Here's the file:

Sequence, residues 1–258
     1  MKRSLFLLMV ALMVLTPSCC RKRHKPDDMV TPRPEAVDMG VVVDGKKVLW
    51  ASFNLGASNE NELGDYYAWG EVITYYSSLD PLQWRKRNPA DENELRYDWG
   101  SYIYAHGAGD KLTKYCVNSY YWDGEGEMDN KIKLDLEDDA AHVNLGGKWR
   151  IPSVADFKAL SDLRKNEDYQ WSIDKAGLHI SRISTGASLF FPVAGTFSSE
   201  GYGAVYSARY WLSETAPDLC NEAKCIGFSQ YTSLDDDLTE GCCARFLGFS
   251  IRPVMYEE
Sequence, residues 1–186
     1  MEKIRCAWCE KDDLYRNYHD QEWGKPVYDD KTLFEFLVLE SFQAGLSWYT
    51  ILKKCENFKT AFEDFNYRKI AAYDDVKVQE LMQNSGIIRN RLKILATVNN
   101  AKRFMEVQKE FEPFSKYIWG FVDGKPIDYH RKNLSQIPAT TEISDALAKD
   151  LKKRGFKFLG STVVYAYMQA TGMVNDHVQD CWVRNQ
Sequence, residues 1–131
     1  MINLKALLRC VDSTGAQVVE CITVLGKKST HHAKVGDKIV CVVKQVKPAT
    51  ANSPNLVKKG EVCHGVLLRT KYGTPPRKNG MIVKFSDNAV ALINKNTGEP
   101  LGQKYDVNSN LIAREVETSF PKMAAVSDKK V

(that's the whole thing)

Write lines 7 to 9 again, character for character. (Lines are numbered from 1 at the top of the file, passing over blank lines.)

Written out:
   251  IRPVMYEE
Sequence, residues 1–186
     1  MEKIRCAWCE KDDLYRNYHD QEWGKPVYDD KTLFEFLVLE SFQAGLSWYT